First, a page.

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Evaluation and Adaptation of the HADSS® Computer Program in Texas Southern High Plains Cotton

  • Leanna L. Lyon (a1), J. Wayne Keeling (a1) and Peter A. Dotray (a1)

Abstract

Field experiments were conducted in 1999 and 2000 to evaluate and adapt the Herbicide Application Decision Support System (HADSS®) program for Texas Southern High Plains cotton production. Weed management systems (in glyphosate-resistant, bromoxynil-resistant, and nontransgenic cotton varieties) included trifluralin preplant incorporated (PPI) followed by (fb) HADSS postemergence-topical (POST) recommendations (PPI fb POST HADSS), HADSS recommendations alone (POST HADSS), and Texas Agricultural Experiment Station (TAES) recommendations for the Texas Southern High Plains. In both years, effective season-long weed control was achieved with all weed management systems in the glyphosate-resistant variety, but only the PPI fb POST HADSS and TAES weed management systems controlled Palmer amaranth and devil's-claw in the bromoxynil-resistant and nontransgenic varieties, compared with POST HADSS alone. No differences in cotton lint yield or net returns over weed control costs were observed with weed management systems across variety in 1999; however, in general, the glyphosate-resistant and nontransgenic varieties produced higher yields and net returns than the bromoxynil-resistant variety. In 2000, plots from the TAES weed management system produced higher lint yields than the plots of PPI fb POST HADSS recommendations in the glyphosate- and bromoxynil-resistant varieties, but plots of all management systems yielded similarly in the nontransgenic variety. In 2000, plots from the TAES system produced the highest net returns in the glyphosate- and bromoxynil-resistant varieties. In the nontransgenic variety, the PPI fb POST HADSS and TAES weed management systems produced higher net returns over weed control costs than the POST HADSS system.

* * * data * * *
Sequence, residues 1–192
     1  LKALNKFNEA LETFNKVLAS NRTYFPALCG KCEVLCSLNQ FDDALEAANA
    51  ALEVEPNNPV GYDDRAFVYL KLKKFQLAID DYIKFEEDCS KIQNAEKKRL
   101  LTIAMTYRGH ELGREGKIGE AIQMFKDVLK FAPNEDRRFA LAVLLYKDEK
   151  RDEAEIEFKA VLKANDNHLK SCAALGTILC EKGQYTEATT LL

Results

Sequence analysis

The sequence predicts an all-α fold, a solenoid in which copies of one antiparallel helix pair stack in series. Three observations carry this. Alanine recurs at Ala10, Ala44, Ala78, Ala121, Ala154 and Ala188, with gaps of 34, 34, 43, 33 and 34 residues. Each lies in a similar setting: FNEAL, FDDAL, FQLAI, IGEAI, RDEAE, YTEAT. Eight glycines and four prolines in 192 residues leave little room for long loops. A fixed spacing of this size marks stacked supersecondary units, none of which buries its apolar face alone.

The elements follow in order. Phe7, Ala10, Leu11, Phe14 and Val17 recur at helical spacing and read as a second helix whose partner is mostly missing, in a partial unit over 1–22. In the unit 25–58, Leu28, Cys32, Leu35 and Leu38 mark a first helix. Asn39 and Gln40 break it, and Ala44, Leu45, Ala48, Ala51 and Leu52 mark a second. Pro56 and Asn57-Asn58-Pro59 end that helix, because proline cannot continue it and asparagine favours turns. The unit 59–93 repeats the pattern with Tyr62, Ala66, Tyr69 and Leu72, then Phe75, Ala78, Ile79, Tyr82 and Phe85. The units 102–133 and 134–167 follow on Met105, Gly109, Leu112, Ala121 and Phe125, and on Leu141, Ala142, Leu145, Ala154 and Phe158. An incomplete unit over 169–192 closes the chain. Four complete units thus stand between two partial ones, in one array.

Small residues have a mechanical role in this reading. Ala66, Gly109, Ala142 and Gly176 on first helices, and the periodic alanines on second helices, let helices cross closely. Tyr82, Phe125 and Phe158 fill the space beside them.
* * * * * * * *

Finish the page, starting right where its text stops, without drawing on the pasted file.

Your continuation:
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Corresponding author

Corresponding author's E-mail: w-keeling@tamu.edu

References

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